Learning From Obama: How to Make the Energy Transition Happen

From on August 9, 2016 in Category Energy Transition with 0 Comments
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Solar energy is expensive and only available to the rich and the privileged – a prejudice that politicians love using again and again to justify thwarting photovoltaics. Not so for U.S. President Barack Obama who has just presented his “Clean Energy Savings for All” initiative. The initiative’s goal is to install PV systems with a total of 1 gigawatt of power in low- to moderate-income households by 2020.

 

“President Obama is committed to ensuring that every American family can choose to go solar and to cut their energy bills – and that every American community has the tools they need to tackle local air pollution and global climate change,” declared the Obama Administration when the program was announced. To achieve this goal, a partnership was founded between different governmental organizations. In close collaboration with private companies and social organizations, the aim of this partnership is to promote new financial models, provide technological support for states and municipalities, encourage innovation and start training initiatives for solar jobs. Not only are low-income citizens set to benefit from this by using solar energy themselves, they will also be able to gain qualifications for better jobs in this industry of the future. After all, as the government emphasized in its announcement, jobs in the solar industry are growing 12 times faster than those in other industries in the U.S. economy.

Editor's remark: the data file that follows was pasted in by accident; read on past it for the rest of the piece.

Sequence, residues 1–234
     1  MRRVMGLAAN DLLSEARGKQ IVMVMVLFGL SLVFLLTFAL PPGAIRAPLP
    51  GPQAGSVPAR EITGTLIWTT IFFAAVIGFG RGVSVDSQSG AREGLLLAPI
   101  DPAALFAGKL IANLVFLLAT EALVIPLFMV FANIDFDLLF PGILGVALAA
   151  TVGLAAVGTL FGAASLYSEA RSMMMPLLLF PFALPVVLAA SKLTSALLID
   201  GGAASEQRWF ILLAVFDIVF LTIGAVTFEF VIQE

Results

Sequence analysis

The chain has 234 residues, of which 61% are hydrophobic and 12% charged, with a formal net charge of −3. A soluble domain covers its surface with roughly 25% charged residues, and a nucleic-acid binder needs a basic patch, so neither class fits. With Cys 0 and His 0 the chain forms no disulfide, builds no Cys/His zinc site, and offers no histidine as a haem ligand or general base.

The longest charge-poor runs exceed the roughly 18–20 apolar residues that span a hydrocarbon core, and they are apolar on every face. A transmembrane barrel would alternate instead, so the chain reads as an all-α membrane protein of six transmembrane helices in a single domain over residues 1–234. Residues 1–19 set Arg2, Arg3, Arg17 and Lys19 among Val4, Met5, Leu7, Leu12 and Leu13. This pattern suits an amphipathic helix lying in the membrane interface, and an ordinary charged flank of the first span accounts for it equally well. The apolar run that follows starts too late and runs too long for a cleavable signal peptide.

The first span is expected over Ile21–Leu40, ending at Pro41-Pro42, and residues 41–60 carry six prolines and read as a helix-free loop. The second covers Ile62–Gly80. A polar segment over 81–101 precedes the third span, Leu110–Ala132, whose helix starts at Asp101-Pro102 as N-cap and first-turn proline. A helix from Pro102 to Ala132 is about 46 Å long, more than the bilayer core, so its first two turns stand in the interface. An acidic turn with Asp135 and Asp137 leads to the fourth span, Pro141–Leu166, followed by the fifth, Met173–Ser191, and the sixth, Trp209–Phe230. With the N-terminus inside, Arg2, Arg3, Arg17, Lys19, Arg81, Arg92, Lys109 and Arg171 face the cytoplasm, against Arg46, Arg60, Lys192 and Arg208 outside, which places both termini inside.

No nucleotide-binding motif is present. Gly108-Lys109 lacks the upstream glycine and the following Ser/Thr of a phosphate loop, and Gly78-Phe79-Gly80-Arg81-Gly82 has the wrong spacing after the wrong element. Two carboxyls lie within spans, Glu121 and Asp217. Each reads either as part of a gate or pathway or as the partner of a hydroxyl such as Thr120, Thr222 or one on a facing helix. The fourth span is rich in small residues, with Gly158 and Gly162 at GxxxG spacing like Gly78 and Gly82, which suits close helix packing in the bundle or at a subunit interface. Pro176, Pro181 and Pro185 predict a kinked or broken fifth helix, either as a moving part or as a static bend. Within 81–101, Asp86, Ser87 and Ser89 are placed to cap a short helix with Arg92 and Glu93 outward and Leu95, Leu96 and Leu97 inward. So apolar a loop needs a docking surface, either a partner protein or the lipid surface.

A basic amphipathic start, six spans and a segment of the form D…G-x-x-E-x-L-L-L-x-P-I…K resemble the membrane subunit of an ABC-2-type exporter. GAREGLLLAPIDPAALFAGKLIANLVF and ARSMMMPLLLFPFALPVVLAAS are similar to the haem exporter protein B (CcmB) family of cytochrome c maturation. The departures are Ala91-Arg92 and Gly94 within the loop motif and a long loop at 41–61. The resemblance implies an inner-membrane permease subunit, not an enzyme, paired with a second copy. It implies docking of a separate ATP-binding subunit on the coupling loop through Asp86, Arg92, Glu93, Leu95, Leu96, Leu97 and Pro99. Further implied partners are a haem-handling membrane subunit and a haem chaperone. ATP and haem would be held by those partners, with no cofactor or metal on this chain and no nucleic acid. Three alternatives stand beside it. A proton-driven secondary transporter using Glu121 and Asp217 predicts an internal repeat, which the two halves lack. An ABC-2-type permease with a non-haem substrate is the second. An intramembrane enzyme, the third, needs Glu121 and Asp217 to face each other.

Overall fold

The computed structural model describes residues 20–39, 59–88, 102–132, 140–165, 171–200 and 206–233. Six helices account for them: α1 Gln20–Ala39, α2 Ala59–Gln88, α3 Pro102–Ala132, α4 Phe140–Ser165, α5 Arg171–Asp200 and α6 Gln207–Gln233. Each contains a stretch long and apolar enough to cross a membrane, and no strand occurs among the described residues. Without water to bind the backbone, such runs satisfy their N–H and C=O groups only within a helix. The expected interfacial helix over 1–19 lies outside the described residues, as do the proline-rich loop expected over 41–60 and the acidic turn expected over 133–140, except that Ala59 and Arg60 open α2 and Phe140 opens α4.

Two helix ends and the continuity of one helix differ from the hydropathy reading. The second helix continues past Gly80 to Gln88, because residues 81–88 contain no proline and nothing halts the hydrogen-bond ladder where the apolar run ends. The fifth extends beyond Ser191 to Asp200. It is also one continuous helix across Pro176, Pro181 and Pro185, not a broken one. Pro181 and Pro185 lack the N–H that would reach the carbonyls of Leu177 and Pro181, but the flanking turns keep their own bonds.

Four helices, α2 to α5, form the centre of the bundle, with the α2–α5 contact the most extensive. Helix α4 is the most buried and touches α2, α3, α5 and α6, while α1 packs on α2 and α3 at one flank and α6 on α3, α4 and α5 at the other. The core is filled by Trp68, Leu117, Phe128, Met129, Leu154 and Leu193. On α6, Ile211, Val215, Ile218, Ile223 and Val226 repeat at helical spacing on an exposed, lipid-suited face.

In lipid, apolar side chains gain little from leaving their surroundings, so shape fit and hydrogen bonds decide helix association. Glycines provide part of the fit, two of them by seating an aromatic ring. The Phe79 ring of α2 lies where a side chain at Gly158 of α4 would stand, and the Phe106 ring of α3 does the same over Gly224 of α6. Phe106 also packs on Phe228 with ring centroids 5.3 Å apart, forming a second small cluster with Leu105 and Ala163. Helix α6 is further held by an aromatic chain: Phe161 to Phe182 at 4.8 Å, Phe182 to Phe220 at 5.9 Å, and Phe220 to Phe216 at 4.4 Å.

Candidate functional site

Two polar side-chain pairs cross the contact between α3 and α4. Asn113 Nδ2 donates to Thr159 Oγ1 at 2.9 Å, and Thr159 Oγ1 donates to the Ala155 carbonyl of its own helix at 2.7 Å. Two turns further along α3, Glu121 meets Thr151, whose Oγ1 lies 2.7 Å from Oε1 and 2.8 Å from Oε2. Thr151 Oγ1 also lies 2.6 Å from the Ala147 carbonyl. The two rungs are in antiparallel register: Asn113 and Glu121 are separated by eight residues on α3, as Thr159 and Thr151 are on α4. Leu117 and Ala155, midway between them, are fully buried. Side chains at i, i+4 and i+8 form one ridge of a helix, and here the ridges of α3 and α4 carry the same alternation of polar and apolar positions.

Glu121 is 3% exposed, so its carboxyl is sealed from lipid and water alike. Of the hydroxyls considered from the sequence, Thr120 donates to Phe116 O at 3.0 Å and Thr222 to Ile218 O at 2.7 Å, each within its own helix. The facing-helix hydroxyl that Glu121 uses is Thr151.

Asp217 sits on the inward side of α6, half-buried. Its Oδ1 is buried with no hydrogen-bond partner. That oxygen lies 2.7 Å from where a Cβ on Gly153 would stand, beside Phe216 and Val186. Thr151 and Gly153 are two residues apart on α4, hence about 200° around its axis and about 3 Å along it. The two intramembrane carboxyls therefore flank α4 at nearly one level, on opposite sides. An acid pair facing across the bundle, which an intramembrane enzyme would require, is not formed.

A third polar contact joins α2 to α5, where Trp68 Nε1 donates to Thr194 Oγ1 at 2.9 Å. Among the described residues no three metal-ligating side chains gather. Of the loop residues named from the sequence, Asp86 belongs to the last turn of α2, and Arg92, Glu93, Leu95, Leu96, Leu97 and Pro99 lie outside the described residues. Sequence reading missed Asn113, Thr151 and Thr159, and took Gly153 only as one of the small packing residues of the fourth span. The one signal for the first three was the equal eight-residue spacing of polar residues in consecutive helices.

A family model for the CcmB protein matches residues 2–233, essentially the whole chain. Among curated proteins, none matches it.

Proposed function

Solar jobs are booming

President Obama is just as proud of this as he is of the fact that 30 times more solar energy is generated in the U.S. today than at the start of his first term of office in 2009. In fact, just a few months before his term in office ends, the outcome of the Obama government regarding solar energy is really impressive. In 2009, 500 megawatts of photovoltaic power was installed in the U.S., this figure rose to over 7 gigawatts last year. This meant the U.S. was in third place globally in 2015 with regard to new construction. To guarantee the growth of photovoltaics even after his time in government has ended, last year Obama extended the successful tax incentive program (ITC – investment tax credit) to 2020. This will bridge the time until solar energy is completely competitive and will be the most cost-efficient power source in every region of the U.S., benefitting all Americans.

 

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